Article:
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Living heritage: patois, carnival and national dress

Living heritage: patois, carnival and national dress

The dialect in the Val d'Hérens is particularly strong. On high days and holidays, people wear traditional costume with bright head-squares and aprons made of velvet and silk. On 6 January, bells ring in the start of Carnival; the "Carnaval d'Hérens" is famous for its "Peluches" (wooden masks)...more

Schnapps Theatre

Schnapps Theatre

In Europe's first Schnapps Theatre one can hear "red hot" stories about the production and consumption of pure single-variety schnapps. Ruedi Käser...more

Seeberg Lake

Seeberg Lake

High above the Diemtigtal, at the end of a little side valley and on the...more

Combe Grède

Combe Grède

A huge crevice vertically divides the ridge over St-Imier into two parts...more

Living heritage: patois, carnival and national dress

The dialect in the Val d'Hérens is particularly strong. On high days and holidays, people wear traditional costume with bright head-squares and aprons made of velvet and silk. On 6 January, bells ring in the start of Carnival; the "Carnaval d'Hérens" is famous for its "Peluches" (wooden masks) with cat, fox and wolf faces. The people wearing the masks mingle with the spectators and play all kinds of pranks.

Schnapps Theatre

In Europe's first Schnapps Theatre one can hear "red hot" stories about the production and consumption of pure single-variety schnapps. Ruedi Käser stages unforgettable, fruity experiences with freshly picked fruit and berries from his own farm. During the meal schnapps is distilled on the spot. Under his direction, more than 130 spirits play leading roles in vying for the public's favour.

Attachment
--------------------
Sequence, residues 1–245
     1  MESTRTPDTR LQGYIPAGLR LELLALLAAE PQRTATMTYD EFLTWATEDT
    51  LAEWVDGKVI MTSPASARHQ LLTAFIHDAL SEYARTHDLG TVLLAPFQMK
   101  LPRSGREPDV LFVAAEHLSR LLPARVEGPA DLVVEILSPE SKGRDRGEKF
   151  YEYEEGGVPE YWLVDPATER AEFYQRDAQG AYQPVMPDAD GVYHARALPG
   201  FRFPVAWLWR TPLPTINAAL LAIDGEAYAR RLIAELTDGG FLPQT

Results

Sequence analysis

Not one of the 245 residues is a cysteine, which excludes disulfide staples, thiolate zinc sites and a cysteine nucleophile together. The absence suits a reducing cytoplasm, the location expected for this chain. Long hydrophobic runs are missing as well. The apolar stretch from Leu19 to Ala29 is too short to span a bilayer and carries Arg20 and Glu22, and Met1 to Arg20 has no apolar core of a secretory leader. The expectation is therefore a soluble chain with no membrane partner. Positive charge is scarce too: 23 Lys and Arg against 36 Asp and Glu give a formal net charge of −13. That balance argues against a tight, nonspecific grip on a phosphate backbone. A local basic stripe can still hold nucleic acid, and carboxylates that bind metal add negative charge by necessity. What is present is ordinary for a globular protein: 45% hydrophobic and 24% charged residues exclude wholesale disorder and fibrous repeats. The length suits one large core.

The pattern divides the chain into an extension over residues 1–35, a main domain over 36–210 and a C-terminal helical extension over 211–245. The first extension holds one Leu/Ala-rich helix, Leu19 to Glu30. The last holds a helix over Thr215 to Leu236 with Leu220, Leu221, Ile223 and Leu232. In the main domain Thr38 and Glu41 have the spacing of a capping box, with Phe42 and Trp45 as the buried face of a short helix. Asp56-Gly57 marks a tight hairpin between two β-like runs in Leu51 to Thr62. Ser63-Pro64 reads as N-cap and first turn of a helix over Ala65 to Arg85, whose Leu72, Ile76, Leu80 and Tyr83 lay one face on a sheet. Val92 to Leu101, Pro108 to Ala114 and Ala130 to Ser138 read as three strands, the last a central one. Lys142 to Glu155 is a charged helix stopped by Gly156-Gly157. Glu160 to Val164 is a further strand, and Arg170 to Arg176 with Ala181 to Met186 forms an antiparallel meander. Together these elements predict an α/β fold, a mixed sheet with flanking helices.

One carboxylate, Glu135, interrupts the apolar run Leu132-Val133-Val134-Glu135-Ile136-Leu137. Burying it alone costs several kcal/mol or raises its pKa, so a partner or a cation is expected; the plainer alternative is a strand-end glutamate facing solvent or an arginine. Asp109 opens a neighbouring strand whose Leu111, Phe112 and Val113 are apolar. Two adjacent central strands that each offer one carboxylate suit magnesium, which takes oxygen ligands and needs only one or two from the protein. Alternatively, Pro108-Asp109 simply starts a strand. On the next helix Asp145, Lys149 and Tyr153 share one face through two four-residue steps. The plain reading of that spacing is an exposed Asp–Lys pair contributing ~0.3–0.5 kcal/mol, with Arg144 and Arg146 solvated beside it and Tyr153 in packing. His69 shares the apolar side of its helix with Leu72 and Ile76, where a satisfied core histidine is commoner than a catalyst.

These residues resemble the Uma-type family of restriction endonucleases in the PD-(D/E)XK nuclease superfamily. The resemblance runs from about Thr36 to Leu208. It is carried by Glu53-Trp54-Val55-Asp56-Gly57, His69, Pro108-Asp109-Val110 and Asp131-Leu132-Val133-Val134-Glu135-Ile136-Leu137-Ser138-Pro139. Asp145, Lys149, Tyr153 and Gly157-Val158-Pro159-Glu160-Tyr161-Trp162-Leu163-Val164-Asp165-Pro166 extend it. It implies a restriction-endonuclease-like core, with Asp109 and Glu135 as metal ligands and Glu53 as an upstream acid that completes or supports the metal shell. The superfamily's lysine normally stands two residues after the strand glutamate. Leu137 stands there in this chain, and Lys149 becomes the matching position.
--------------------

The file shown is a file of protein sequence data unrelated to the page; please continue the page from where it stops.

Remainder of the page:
Seeberg Lake

High above the Diemtigtal, at the end of a little side valley and on the way over to the Simmental, is the picturesque Seeberg Lake (1831 m). This nature conservation area attracts both walkers and bikers. A typical mountain lake with cold, clear water, a very popular place for a day out. There are mysterious underground streams flowing in and out of the lake. The nearby mountain hut is manned in summer.

Combe Grède

A huge crevice vertically divides the ridge over St-Imier into two parts – the Combe Grède. The craggy cliff faces are inhabited by chamois and marmots, even pellegrine falcons and wood grouse can be seen. The 14-km-long and steep walk from Villeret through the Combe Grède direct to the Chasseral is very demanding, takes a good 6 hours and should only be undertaken by experienced hikers. The start and end point can be reached using public transportation.

A huge crevice vertically divides the ridge over St-Imier into two parts – the Combe Grède.